The president, shouldering a Sherpa's load of issues and projects since his swearing-in five months ago, is seen as trying to avoid complicating his agenda by igniting the culture wars.

"Right now people are upset, but we're trying not to seem selfish," said John Long, publisher of Camp, the monthly magazine of Kansas City's LGBT communities.

"There are so many other important things to be addressed — two wars, health care, the economy," he said. "Nobody wants to come off looking like, 'It's about " me, me, me.'

On Facebook, blog sites and online social networks, a groundswell of impatience at lost opportunities is rising from the LGBT ranks.

"He talks a good game," said Silver, a freelance journalist who helped found the Kansas Equality Coalition. "But he's been so politically timid. … The anger in that community has been growing for months."

Much of the anger centers on a June 11 Justice Department brief seeking to dismiss a constitutional challenge of the Defense of Marriage Act, or DOMA.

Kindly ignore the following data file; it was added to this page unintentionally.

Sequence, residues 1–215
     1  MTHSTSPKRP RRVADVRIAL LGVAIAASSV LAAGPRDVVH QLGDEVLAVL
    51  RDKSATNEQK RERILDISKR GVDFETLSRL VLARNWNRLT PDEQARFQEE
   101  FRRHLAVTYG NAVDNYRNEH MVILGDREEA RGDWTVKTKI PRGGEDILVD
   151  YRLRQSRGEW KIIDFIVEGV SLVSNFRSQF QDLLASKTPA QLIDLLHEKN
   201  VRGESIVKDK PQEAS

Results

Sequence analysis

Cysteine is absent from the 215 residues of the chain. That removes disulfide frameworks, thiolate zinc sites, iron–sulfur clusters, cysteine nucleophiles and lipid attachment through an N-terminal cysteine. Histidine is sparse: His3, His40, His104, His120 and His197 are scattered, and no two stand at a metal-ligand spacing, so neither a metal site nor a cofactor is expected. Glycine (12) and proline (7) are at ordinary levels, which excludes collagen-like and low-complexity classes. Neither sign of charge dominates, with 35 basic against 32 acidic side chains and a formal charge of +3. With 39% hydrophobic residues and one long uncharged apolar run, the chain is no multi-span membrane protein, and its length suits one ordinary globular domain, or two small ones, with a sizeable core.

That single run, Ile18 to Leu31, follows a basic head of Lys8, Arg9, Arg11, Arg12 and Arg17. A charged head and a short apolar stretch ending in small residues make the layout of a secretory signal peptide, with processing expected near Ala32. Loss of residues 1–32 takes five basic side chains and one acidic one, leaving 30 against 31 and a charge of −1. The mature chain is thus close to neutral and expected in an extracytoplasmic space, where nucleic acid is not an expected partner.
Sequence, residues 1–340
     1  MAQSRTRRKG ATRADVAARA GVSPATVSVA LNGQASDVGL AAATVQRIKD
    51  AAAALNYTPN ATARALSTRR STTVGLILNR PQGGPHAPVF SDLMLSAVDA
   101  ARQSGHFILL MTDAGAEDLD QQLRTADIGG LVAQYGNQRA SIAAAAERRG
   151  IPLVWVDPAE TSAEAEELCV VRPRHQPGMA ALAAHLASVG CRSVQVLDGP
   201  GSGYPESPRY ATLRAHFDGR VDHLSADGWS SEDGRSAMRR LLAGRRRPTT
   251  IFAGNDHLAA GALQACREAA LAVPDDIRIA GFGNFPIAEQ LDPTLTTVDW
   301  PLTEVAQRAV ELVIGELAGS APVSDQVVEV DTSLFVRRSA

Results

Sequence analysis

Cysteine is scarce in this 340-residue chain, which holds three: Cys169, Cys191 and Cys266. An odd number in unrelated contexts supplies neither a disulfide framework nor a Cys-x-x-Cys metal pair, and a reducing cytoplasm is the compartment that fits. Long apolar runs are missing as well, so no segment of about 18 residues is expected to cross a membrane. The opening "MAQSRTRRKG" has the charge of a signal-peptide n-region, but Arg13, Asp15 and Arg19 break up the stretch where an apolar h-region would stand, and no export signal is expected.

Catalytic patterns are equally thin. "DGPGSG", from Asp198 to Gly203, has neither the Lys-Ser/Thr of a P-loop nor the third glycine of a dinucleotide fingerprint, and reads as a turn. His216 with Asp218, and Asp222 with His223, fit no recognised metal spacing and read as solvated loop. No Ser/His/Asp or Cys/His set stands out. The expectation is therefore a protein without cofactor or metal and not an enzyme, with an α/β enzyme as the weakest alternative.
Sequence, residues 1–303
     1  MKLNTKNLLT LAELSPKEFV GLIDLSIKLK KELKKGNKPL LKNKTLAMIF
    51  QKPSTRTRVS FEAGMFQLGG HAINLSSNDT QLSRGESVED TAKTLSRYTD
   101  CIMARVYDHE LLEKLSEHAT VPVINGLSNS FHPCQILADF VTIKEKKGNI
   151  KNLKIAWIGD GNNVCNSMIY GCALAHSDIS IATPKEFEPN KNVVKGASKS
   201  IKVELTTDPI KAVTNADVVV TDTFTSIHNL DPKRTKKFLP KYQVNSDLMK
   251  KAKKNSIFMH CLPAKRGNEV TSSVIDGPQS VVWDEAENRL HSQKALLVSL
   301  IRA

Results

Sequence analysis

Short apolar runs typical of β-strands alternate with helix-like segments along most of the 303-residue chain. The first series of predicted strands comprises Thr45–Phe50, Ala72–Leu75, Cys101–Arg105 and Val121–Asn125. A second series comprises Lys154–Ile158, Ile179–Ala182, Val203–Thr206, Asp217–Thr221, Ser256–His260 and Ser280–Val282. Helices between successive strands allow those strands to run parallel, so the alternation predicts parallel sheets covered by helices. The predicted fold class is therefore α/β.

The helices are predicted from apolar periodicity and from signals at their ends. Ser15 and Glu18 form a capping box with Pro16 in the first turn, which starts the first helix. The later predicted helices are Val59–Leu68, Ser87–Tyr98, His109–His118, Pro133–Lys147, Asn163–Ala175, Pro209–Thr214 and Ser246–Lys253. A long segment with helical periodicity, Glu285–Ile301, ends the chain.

The law, limiting federal marriage benefits to opposite-sex couples, is the target of a federal lawsuit in California. Justice spokesman Charles Miller said that as attorneys for the government "we have to defend that law" when it's taken to court. "It's Congress' job" to change or chuck it if Congress sees fit.

The government's brief outlined a defense seen by gay-rights advocates as unnecessarily vigorous. "DOMA does not restrict any rights that have been recognized as fundamental," it stated.

"That just went too far," said Missouri Sen. Jolie Justus, a Democrat who recently seized upon Iowa's same-sex marriage law to wed her partner in Iowa City.